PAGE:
Time and again my firm reviews departmental processes that are outdated and unnecessary, technologies that are underutilized, and managers that protect "the way we've always done it".  If executives don't assume a leadership position in removing inefficiencies and elevating real wages while improving financial performance, perhaps their compensation should be evaluated.

As technology changes, it is difficult to keep up with process change. But the cost of doing business should decline as industries and the technologies that support them become more mature. When I performed my research, even though the asset size of the financial institutions was tight, the amount of FTEs per institution varied widely. One had 130 FTEs, another had 521. And average salary plus benefits varied, with the top payer averaging $135k, and the bottom payer averaging $45k. 

The top payer, by the way, was in the bottom quartile financial performer, and the lowest payer was the last bank in the second quartile. Somewhere in between lies the answer for your financial institution.

Any thoughts on pay philosophy?

~ Jeff

Note: The below SNL Financial article by Kiah Lau Haslett alerted me to the Rice study. It may require a subscription to view:

Sunday, 1 February 2015

Stupid Bank Names

In the mid to late 1990's, my employer, First National Bank of Maryland based in Baltimore, bought Harrisburg, Pennsylvania based Dauphin Deposit Bank. They put together a transition team. I was on
that team. One of our responsibilities was coming up with a new name. After thousands of hours and millions of dollars, Allfirst was born. And hence the title for this blog post.

Are you going through a similar exercise? With Allfirst still fresh in my psyche, I occasionally throw stupid bank names at bankers contemplating a name change to increase the likelihood they won't make the same mistake. Here is what I came up with so far...

Allfirst - My poster child for stupid bank names. They didn't even include bank in their marketing materials, leaving customers and potential customers wondering, who?

Open Bank - I featured Open Bank in my annual total return top 5. Kudos for delivering value to their shareholders. As for their name... what if they are closed?

First Bank - The context of this blog post is for considering a new name. I know many of you may be named First Bank because that's the way it was 100 years ago, or your name was First Savings Bank and you dumped the Savings or First National Bank and you dumped the OCC. But there are 77 other First Banks in the country. If your brand strives for assimilation, then go with it.

Rabobank - Not a large leap to Rob A Bank.

IndyMac Bank, FSB - Sound like a burger joint to anyone else?

First Integrity Bank - This Minnesota bank failed in 2008. If you have to put integrity in your name, well... The same with Honest, Fair, or any other similar name describing behavior that should be part of the culture. The exception being Trust, since this is a distinct charter and/or service offering. I may get a call from my friends at a similarly named bank near my home on this one. But they should've given me a call before printing the letterhead.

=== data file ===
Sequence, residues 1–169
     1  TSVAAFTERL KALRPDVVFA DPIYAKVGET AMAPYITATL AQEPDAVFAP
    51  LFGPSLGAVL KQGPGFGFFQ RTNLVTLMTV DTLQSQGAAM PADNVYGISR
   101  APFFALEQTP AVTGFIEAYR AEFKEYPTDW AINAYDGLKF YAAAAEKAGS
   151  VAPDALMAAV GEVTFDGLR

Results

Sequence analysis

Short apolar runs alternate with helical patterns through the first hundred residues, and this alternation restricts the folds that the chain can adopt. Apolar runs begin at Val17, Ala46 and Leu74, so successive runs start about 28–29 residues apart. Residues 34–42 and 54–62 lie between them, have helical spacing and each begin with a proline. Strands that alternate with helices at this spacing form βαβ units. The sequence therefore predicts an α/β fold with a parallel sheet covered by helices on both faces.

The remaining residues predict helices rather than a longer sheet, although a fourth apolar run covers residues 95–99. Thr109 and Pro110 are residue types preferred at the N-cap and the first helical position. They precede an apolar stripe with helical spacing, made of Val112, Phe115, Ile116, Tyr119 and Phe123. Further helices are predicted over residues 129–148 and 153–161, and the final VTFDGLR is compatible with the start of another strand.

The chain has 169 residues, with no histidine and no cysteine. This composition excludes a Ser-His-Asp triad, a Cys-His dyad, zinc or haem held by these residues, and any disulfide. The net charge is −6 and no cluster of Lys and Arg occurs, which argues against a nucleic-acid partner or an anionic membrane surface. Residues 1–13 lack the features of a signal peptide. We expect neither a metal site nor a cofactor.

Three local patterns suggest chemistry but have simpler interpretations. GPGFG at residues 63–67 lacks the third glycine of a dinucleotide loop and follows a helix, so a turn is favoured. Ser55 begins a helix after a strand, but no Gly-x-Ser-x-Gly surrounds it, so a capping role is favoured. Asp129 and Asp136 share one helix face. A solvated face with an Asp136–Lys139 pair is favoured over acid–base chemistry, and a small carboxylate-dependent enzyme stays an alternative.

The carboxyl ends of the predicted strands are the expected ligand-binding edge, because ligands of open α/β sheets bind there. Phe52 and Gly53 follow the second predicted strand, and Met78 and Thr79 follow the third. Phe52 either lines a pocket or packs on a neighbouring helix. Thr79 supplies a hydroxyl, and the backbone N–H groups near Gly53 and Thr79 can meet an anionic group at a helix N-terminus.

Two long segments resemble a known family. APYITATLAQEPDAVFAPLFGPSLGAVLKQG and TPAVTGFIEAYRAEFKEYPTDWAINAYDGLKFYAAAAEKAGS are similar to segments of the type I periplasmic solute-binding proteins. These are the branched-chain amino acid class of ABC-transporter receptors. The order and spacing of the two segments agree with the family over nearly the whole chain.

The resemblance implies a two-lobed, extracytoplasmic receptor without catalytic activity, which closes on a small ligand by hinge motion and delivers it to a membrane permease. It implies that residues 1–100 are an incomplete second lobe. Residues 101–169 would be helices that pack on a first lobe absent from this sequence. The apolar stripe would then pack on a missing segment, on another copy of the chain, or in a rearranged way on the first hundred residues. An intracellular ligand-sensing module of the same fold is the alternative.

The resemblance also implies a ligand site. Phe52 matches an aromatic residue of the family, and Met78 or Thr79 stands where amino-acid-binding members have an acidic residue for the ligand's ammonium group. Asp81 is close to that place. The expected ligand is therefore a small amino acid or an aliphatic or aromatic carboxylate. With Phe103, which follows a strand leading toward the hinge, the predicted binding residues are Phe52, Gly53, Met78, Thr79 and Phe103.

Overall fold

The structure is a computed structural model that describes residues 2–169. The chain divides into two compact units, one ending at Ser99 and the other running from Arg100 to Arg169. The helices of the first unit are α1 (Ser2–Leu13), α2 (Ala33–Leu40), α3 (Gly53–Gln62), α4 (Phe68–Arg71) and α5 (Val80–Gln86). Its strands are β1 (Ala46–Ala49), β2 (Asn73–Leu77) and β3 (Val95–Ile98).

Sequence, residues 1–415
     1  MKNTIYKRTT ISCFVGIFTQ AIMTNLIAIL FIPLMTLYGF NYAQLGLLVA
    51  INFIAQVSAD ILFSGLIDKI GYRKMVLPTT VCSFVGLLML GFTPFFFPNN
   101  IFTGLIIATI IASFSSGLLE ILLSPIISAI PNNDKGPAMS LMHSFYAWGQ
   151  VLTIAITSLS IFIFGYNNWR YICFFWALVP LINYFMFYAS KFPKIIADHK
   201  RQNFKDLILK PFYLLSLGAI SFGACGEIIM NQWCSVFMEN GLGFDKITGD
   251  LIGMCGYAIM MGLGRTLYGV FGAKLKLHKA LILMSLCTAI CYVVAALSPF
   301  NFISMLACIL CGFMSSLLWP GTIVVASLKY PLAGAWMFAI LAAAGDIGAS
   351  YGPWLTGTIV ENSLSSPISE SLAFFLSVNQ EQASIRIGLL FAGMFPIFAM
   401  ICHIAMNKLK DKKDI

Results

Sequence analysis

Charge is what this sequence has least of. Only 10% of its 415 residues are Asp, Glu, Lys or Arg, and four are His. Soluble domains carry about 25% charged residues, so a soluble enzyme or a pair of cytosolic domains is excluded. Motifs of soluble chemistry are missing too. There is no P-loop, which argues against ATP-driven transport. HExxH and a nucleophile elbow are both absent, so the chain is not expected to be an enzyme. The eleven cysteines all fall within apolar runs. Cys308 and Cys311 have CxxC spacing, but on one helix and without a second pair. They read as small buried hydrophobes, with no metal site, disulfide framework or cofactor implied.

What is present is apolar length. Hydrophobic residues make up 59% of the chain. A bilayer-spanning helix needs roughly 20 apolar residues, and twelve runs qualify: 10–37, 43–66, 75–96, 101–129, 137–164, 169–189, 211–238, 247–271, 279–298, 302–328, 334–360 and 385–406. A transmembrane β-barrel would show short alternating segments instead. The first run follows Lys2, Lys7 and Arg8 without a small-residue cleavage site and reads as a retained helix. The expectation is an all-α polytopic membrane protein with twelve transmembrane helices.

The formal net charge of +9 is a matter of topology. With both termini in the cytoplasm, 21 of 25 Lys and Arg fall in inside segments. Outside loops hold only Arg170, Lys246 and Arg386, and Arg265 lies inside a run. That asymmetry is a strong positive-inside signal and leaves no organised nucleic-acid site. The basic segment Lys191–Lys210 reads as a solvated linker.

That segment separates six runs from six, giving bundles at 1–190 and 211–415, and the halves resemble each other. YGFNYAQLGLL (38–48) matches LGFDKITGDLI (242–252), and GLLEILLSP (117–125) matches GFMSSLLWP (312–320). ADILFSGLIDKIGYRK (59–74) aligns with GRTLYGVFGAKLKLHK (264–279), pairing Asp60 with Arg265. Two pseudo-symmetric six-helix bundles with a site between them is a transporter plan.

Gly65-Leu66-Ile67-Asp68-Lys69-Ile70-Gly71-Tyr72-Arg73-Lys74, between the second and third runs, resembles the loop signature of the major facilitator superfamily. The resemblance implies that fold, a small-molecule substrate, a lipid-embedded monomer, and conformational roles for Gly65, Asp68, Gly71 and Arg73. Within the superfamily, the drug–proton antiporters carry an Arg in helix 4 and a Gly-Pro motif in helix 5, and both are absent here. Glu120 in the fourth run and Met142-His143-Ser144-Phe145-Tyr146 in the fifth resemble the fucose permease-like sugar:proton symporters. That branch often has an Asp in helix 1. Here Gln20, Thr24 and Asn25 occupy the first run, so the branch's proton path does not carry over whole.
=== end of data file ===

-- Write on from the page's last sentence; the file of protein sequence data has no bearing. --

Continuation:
Bank of Bird In Hand - This is an Amish focused bank. Named for the town where it is located. So they probably don't view the name with the same smirk as me. And no, for my non-Pennsylvania friends, you cannot drive from Blue Ball, through Bird In Hand, on to Intercourse, and arrive in Paradise. All Central Pennsylvania towns. But not lined up in that order. My point here is, not every town name should be on your billboard.

MutualBank - On the surface, not a bad name. And I may get an e-mail from my FMS friend, Chris Cook. But truth be told, MutualFirst Financial of Muncie, Indiana, the holding company for MutualBank, is publicly traded. It's not a mutual.

BestBank - A distinction earned, not bestowed. Same with Superior Bank, etc.

Excel Bank - A spreadsheet?

K Bank - In today's abbreviated texting and social media world, this is a bad name, K?

Innovative Bank - Through the worst banking crisis since the Great Depression, only about 5% of FDIC-insured financial institutions failed. Could being in the 5% group qualify you as innovative?

This is only a small list of banks based on my personal knowledge and some database searches. I'm sure there are more out there.

You may be surprised that I excluded some names such as the often lampooned poster child for stupid bank names, Fifth Third Bank. But it is a distinctive name, that has been around for a long, long time. I also respect some old school bank names, such as Old Second, etc. And banks with small town names that don't result in sophomoric snickers are also fine, in my opinion. Even affinity branded banks, like Red Neck Bank (actual division of a bank), have some merit.

So if you are grappling with the bank name issue, make sure that when you are presented with options as to what to call your bank, take a step back, and think. Ask somebody outside of the re-branding process. Common sense trumps a marketing study.

What other stupid bank names are out there or were out there?

~ Jeff

P.S. If I offended anyone, I apologize.